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ERIC Number: ED548396
Record Type: Non-Journal
Publication Date: 2012
Pages: 127
Abstractor: As Provided
Reference Count: N/A
ISBN: 978-1-2673-9902-1
ISSN: N/A
The Effect of Differential Item Functioning on Population Invariance of Item Response Theory True Score Equating
Huggins, Anne Corinne
ProQuest LLC, Ph.D. Dissertation, University of Miami
Population invariance in equating exists when the relationship between two scales is the same for two or more subpopulations of examinees and hence the function used to equate the scales is not dependent on subpopulations. A lack of equating invariance (i.e., equating dependence) leads to a situation whereby examinees having the same score on one scale, but belonging to different subpopulations, have different expected test scores on the corresponding equated scale. This situation results in an expected advantage for one or more subpopulations of examinees and hence is a concern for fairness in assessment and disaggregated accountability. Little is known about the causes of equating dependence, and the purpose of this study is to locate a source of this problem. It is hypothesized that differential item functioning manifested in the anchor items of an assessment will have an effect on population invariance of equating. Findings show that when differential item functioning varies across forms in a differential manner across subpopulations, population invariance of equating can be compromised. Under these conditions, an increase in equating dependence is associated with increases in magnitudes of the differential item functioning and, to a lesser degree, increases in the frequency of anchor items with differential item functioning. These effects can be problematic in conditions of both unidirectional and bidirectional differential item functioning, and can pose problems for subpopulations that have equal or different mean ability levels. [The dissertation citations contained here are published with the permission of ProQuest LLC. Further reproduction is prohibited without permission. Copies of dissertations may be obtained by Telephone (800) 1-800-521-0600. Web page: http://www.proquest.com/en-US/products/dissertations/individuals.shtml.]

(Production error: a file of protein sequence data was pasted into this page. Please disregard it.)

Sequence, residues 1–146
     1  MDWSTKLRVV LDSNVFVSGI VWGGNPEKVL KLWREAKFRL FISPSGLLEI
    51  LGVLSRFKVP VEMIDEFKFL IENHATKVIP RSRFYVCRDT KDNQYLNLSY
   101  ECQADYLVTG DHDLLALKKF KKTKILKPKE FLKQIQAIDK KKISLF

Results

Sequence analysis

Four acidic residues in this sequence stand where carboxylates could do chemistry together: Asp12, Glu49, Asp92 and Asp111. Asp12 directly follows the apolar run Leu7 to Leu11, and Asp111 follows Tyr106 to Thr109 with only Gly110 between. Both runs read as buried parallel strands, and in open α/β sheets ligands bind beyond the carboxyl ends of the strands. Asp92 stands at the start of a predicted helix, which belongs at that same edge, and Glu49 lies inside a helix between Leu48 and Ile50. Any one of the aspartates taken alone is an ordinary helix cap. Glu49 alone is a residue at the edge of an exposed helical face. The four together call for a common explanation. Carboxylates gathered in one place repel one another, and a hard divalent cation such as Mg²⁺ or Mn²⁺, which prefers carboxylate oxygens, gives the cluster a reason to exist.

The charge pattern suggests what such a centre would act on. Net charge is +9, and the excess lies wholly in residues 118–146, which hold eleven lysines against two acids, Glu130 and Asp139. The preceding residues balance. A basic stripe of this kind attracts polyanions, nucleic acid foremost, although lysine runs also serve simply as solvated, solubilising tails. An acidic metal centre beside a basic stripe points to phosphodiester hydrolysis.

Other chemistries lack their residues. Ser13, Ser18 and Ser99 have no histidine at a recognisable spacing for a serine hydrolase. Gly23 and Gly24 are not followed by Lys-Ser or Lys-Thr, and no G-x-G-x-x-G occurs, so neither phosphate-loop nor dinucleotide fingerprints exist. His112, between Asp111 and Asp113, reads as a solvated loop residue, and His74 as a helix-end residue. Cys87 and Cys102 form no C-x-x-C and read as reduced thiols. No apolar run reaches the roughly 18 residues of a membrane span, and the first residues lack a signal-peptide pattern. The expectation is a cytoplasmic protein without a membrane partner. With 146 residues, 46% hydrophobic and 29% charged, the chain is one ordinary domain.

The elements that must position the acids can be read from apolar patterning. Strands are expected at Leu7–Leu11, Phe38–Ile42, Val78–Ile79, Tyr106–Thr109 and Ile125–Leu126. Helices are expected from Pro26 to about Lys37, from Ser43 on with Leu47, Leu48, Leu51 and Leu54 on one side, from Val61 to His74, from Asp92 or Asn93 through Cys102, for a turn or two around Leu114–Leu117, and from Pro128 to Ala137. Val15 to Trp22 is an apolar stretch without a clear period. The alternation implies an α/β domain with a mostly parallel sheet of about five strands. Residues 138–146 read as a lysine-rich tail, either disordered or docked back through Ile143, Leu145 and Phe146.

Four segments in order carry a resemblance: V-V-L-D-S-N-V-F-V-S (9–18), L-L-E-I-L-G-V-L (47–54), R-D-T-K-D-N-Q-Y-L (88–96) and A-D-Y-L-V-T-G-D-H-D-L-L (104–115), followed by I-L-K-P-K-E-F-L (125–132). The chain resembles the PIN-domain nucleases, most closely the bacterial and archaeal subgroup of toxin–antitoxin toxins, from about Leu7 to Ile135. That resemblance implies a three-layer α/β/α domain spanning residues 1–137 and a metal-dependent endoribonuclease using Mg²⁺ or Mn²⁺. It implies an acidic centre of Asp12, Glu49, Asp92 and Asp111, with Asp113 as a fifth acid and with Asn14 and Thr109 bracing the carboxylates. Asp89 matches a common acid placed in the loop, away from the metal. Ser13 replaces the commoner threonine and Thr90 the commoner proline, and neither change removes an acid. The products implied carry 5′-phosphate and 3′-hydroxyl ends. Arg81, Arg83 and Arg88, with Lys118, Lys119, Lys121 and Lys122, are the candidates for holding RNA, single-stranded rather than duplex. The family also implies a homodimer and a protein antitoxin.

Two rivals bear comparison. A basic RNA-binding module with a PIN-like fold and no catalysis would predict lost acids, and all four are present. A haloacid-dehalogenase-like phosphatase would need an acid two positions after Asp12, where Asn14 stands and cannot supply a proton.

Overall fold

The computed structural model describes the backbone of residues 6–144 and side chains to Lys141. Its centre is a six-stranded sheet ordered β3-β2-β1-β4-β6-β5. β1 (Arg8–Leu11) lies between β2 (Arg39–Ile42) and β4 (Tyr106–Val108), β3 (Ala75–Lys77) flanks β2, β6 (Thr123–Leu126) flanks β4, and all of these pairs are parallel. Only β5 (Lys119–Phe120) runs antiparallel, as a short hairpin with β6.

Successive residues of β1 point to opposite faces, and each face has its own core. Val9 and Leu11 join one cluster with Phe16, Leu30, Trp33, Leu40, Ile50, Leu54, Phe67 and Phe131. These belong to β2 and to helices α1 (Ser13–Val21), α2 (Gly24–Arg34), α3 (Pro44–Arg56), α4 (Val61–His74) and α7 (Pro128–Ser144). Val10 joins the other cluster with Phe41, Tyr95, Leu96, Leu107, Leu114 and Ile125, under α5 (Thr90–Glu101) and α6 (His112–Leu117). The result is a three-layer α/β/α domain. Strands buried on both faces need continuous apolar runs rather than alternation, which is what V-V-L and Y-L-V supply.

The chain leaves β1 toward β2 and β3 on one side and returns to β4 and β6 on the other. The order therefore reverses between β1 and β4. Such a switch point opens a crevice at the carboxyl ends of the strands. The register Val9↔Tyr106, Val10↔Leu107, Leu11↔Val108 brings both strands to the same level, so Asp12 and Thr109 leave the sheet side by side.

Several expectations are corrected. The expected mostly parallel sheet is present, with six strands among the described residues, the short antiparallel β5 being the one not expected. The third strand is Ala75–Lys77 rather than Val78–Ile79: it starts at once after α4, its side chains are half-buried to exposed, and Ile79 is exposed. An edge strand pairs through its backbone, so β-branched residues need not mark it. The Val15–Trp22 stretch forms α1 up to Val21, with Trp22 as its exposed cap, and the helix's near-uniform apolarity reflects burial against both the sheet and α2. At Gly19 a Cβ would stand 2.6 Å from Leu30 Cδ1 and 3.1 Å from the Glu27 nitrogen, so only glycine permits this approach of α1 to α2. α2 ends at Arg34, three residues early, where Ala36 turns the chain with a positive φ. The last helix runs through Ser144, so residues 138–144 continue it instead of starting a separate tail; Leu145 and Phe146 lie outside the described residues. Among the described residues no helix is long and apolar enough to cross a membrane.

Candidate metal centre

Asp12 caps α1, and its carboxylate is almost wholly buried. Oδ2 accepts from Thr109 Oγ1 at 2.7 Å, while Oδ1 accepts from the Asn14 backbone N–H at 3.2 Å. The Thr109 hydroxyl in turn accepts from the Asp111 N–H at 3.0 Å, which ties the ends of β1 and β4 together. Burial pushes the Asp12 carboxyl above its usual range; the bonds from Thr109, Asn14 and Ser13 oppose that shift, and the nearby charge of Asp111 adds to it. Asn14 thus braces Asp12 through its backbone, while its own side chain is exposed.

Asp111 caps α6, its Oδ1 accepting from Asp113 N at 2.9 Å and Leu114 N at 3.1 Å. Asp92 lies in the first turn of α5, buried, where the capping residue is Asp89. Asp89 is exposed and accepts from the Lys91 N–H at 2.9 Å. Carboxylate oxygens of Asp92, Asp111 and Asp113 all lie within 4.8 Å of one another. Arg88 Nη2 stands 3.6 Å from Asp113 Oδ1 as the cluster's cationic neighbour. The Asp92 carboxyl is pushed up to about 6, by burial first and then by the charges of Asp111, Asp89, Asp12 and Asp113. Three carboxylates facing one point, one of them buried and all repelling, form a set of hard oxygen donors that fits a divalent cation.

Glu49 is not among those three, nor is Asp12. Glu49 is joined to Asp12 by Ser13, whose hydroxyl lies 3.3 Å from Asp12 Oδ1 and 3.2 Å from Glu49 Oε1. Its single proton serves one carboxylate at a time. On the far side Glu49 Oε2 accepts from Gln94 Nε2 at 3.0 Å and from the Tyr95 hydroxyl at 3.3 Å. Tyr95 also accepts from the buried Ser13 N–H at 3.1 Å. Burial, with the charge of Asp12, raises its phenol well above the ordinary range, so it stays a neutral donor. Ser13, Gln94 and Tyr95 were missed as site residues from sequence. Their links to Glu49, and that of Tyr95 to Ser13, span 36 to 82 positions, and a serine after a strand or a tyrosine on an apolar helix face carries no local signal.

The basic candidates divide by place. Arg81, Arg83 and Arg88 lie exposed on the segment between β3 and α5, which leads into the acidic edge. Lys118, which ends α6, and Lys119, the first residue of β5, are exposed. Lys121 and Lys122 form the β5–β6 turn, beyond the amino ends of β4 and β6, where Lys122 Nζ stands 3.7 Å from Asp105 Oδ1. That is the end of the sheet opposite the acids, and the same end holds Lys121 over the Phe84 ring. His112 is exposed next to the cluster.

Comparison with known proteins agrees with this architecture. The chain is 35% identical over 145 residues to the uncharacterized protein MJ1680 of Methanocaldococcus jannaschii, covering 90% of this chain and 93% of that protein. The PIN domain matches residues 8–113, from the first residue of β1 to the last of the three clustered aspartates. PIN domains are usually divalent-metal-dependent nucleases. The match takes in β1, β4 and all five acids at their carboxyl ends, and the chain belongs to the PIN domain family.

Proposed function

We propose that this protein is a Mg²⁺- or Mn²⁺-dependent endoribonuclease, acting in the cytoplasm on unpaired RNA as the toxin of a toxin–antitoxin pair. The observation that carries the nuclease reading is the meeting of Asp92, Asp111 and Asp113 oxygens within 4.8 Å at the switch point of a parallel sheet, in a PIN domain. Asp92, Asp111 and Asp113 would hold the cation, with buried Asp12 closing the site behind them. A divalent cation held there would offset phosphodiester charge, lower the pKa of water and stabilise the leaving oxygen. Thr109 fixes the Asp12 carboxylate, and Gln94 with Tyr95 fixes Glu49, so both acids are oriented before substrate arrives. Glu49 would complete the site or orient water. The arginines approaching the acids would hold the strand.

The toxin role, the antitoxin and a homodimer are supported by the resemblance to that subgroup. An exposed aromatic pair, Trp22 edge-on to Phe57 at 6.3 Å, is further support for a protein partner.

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Publication Type: Dissertations/Theses - Doctoral Dissertations
Education Level: N/A
Audience: N/A
Language: English
Sponsor: N/A
Authoring Institution: N/A